[Openmcl-devel] %get-ip-interfaces returning nil

Gary Byers gb at clozure.com
Tue Jul 20 08:15:12 UTC 2010

On Mon, 19 Jul 2010, Elliott Slaughter wrote:

> Ok, I have a possible reason why this may be failing.
> In l1-sockets.lisp, line 1436 (from trunk several months ago, so exactly line number may have changed) says:
>       (do* ((reservedlen (* 4 (record-length #>INTERFACE_INFO))
>                          (* 2 reservedlen)))
> I always thought this would increase the size of the buffer until it was large enough to fit the data. But in ip-interfaces,
> when I tested a larger initial value, it suddenly started working. (And it's returning 6 interfaces, so it's understandable
> how it might not have been able to fit those in my initial memory size.)

> I don't have all the stuff set up to build ccl from source, but would someone (i.e. a ccl developer) like to try this out?

Except for the lisp kernel, the stuff that you need to build CCL from source
is CCL itself, and you presumably have that ...

Since this doesn't involve the lisp kernel, you can just change lisp code and
build a lisp image via:

? (rebuild-ccl :clean t)

In any case, you seem to be correct in suggesting that the problem has to do
with the case when the initial guess ("reservedlen") is too small.  If the number
of interfaces is > 4 in the original lisp code (or > than ... oh, 53.9 or so
in the case of the C code that someone mailed out), then the call to WSAIoctl
that tries to enumerate those interfaces fails (returns -1, aka SOCKET_ERROR)
and causes WSAGetLastError to return WSAEFAULT, which means "either a memory
fault occurred, or some buffer wasn't big enough.  Who knows which ?"

If we guess that WSAEFAULT means "the buffer wasn't big enough" and try again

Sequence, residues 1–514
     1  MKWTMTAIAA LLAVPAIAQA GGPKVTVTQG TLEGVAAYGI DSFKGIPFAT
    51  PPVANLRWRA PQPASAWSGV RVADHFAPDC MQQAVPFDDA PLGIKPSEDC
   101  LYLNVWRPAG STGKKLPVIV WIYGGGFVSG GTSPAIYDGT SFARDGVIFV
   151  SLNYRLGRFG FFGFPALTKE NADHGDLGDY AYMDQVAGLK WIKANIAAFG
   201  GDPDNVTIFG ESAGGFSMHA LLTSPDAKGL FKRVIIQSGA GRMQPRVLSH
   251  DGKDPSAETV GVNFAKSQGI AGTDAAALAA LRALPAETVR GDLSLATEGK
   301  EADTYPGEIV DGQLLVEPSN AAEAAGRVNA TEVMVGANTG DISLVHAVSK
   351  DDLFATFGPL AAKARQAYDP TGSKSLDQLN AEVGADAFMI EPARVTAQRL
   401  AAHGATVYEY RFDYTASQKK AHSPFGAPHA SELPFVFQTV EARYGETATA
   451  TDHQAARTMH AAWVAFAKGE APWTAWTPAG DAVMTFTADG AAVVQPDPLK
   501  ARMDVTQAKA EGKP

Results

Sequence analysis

with a larger buffer size, we'll eventually succeed in guessing how large the
buffer needs to be.  (Or we'll keep provoking the same memory fault over and
over again.  Who knows ?)

As I've gotten older and mellower, I've come to see the wisdom in the
old adage that says "If you can't say anything nice about a
programming interface, it's best not to say anything at all."  This
certainly seems to be true, no matter how brain-dead and misbegotten
and error-prone the interface in question is.

The modified code is in the trunk as of r13990; if you need it in other branches,
let me know.

> On Mon, Jul 19, 2010 at 9:11 PM, Elliott Slaughter <elliottslaughter at gmail.com> wrote:
>       I don't know how I can possibly not have an active interface when I am using my computer to write this email ;-)
> If you'd like me to do any testing, I'd be happy to. I've tried both ccl 1.4 and 1.5 and both still return nil for me.
> On Mon, Jul 19, 2010 at 1:07 AM, Gary Byers <gb at clozure.com> wrote:
>       We used to use an address returned by %GET-IP-INTERFACES as part of random-state
>       initialization, and my recollection is that that would sometimes fail on Windows
>       because %GET-IP-INTERFACES sometimes returned NIL.  Unless something's really
>       badly misconfigured on a Unix box, at least the loopback interface (
>       would always be there, and you'd generally see other interfaces known to the OS
>       regardless of whether they were up or down and regardless of whether or not they
>       had had IP(V4) addresses assigned to them or not; you'd pretty much see what
>       "ifconfig -a" would show you (and it was likely that the ifconfig program and